Ankit Sood of Sunshine Himalayan Adventures, an Ecotour Operator in the Himalayas, is mighty pleased that the new-age woman traveller is not merely a passive tourist ticking off the boxes on her itinerary, instead she has picked up the gauntlet by trekking in remote Himalayan valleys, mountain biking or taking jeep safaris into the back of beyond. He adds that a higher percentage of women, as compared to their male counterparts, travel far (literally) to make a difference; from fundraising for monasteries in the remote Dzongu Valley of Sikkim to supporting old age homes in Spiti valley in Himachal, even sponsoring education for orphans,  their compassionate gestures are endless. “Financial independence”, shares Bangalore-based Manisha Choudhry, “allows me to fulfil my commitment towards making a difference in the lives of those I meet during my travel excursions to isolated India”. She is one of a growing network of women travellers who not just volunteer their time and skill sets, but also donate generous amounts of money to causes close to their heart.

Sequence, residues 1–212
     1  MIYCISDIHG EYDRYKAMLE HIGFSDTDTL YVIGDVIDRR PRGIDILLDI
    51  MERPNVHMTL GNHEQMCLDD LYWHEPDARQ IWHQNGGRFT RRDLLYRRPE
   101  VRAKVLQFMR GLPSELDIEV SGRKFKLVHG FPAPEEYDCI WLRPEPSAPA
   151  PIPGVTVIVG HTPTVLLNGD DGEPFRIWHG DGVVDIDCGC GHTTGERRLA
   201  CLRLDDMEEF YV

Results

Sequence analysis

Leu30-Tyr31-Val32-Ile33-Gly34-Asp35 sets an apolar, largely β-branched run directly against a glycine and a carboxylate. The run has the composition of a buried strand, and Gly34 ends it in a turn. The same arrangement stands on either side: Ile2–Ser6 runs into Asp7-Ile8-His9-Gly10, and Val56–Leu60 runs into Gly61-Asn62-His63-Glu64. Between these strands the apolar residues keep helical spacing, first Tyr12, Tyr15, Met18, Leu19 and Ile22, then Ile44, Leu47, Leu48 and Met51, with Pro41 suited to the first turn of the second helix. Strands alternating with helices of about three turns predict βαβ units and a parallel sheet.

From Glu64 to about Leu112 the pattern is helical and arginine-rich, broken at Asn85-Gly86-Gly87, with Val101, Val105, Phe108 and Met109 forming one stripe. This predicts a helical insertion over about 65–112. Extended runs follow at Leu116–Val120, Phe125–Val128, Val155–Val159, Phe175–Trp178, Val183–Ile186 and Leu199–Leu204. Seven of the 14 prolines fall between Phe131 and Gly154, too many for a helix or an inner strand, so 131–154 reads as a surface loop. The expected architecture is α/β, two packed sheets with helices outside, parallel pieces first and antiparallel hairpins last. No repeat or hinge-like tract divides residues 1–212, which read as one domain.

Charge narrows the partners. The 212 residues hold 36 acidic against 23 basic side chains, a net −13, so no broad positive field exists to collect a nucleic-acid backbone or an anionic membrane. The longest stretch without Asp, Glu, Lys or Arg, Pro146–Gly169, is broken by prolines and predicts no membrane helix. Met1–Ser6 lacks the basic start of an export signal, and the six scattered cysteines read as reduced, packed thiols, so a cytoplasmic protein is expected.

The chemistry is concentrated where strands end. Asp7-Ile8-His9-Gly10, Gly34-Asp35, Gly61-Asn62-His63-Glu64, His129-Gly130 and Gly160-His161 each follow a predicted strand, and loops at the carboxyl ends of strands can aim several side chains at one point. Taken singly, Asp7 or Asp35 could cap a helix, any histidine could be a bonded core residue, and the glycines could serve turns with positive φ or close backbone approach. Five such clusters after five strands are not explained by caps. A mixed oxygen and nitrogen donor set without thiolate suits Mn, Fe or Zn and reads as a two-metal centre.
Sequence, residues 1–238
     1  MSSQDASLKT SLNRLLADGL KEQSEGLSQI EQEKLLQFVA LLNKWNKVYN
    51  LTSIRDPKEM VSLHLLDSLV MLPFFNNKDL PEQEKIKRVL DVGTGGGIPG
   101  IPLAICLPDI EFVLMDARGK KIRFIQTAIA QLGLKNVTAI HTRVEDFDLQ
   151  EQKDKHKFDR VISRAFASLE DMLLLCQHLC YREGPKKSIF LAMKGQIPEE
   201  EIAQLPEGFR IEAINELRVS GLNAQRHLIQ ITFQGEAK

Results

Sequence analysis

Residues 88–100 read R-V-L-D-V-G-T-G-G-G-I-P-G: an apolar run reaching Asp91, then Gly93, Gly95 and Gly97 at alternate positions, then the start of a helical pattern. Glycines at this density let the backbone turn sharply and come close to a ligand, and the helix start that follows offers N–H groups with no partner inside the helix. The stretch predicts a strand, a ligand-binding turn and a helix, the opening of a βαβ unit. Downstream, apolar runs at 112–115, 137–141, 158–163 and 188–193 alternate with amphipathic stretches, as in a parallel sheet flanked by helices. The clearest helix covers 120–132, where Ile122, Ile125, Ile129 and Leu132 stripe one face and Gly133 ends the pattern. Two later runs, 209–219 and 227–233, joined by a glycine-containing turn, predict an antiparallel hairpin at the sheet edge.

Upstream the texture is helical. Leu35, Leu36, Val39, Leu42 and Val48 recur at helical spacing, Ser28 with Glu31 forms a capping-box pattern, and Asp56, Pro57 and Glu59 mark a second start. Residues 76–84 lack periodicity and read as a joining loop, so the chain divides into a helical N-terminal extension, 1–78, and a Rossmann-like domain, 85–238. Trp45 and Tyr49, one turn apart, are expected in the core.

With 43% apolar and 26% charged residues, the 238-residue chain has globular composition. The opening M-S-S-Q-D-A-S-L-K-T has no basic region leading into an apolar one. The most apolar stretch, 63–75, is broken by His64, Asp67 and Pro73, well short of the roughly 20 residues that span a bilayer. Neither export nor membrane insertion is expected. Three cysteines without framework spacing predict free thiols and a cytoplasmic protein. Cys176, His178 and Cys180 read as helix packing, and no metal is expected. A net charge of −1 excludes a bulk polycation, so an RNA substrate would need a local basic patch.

Tirthan Valley

Photo credit: Sunshine Himalayan Adventures

Despite much evidence that this trend is fast becoming a way of life, and gaining permanence, first-time solo adventurers will still face countless myths about travelling alone. You may want to, however, rethink them as most of them have been debunked many times over. For instance, how can the rest of the world be a scary place when we constitute the “rest of the world” elsewhere? Are we not as likely to be attacked on home ground? Don’t we meet unsavoury types at home? Also, does one make a habit of walking around late in the night or in suspicious quarters, alone or as a group while in a familiar environ? Evidently not. Thus, while you must take precautions and trust your instincts, there’s no reason why you should shy away from solo travel because of imagined and perceived dangers.  Mark Twain put it most succinctly when he famously remarked,” Twenty years from now you will be more disappointed by the things you didn’t do than by the ones you did. So throw off the bowlines. Sail away from the safe harbour. Catch the trade winds in your sails. Explore. Dream. Discover.”

This piece appeared as a lead article in The Tribune recently.